cathode displays are now available, but
cost quite a bit more. The smaller
displays are very affordable. It would
be ideal to make available a PCB for
the project, a programmed chip, and a
crystal for the time base. Most DIYers
would have the other parts needed.
The PCB could be made small so that
builders could use a variety of case
sizes depending on the size of the
displays used. It wouldn't hold the
displays themselves; the builder would
mount them as needed. For my old
clocks, I mounted the 4" and 2"
displays on a thin sheet of plywood
painted black in a case made from
pieces of acrylic I got at Tap Plastics.
Thanks for the feedback. We have
the same definition of "big" — I've used
Futurlec displays and other large digits
in my clocks. I'm familiar with 73 and
Nixie displays, as well. I'm sure we share
quite a few experiences. Again, thanks
and — I assume — 73s.
Can’t Get Swing of Math
Regarding the parameter amplifier
article in the June 2014 issue, I haven't
gotten the frequency of a simple
pendulum to equal 1.5 Hz using
Richard Panosh’s equation with the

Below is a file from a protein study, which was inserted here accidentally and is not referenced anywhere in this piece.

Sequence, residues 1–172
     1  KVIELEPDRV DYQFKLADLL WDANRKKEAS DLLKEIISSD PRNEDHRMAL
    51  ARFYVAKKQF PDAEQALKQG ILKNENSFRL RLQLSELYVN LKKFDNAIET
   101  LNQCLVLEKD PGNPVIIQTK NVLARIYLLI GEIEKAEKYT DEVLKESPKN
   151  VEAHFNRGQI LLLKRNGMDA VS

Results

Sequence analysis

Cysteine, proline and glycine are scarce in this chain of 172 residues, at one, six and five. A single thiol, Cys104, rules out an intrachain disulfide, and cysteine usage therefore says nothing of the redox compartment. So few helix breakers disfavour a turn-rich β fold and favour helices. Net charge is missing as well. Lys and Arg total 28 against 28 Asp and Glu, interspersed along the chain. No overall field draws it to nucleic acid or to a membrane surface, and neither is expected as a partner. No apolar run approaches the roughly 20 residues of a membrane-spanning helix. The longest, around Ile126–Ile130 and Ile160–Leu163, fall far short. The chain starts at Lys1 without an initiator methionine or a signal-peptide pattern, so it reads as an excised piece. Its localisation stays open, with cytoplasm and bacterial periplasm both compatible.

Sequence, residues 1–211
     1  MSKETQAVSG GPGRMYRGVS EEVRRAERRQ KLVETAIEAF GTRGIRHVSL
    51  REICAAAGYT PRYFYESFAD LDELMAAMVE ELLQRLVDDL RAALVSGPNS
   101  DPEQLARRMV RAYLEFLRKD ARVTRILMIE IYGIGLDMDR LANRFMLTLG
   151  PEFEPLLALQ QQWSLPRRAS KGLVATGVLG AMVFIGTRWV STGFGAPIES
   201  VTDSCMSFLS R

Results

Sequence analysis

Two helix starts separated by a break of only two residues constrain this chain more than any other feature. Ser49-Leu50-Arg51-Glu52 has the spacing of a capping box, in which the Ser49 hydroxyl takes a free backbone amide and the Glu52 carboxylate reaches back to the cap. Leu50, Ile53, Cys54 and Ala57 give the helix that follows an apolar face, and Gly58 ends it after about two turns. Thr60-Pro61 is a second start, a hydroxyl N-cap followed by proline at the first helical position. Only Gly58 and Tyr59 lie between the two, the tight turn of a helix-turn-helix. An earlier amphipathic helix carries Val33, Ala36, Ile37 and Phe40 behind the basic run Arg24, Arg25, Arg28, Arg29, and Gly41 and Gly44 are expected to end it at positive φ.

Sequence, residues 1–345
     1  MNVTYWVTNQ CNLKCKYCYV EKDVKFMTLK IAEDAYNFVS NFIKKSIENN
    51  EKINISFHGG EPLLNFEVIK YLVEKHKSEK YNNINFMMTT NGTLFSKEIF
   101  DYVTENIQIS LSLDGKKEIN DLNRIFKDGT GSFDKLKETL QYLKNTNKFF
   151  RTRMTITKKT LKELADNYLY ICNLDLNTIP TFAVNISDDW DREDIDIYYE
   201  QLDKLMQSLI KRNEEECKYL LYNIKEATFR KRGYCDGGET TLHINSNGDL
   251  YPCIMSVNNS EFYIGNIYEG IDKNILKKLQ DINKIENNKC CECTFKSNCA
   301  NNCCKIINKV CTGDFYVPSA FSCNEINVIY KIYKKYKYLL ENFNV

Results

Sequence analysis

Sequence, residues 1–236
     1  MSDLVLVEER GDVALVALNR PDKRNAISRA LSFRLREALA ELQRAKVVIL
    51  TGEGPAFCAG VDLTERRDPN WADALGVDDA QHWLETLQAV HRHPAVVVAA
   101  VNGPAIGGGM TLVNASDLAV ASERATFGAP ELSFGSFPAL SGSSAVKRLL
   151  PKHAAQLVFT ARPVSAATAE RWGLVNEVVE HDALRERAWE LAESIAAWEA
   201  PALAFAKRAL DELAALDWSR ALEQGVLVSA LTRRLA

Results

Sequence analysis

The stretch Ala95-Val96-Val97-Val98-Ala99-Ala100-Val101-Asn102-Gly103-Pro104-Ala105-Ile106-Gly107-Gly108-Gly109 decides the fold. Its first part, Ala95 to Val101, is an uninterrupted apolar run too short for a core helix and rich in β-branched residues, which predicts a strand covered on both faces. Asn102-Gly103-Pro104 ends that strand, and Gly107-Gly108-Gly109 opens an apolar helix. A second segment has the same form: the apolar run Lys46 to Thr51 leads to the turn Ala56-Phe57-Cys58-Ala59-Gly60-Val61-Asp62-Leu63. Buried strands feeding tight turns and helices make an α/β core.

numbers in the article. I put the
numbers into Excel and it is 10 times
under the 1.5 Hz. I checked my
numbers with XLC and it will draw the
James Thompson II
Sorry to hear you're having trouble
with the expression for the frequency of
this simple pendulum.
Take the free length of the string as
four inches long. Add the radius of the
ball to this to obtain the total length to
the center of mass:
4 inches + 1/2 (3/4 inch ball
diameter = 4.375 inches)
4.375 inches x 1 ft/12 inches = 0.36 ft Hope this clears up the issue.
Thanks for your interest and good
luck in your studies.
READER FEEDBACK Continued from page 8
= 2π = 1.5
=2π √ 1 32. 2 f =2π 0.36 √ 89.444
f=2π l √
The gauntlet has been thrown!
If you’re interested in taking a crack
at this project, email
October 2014 59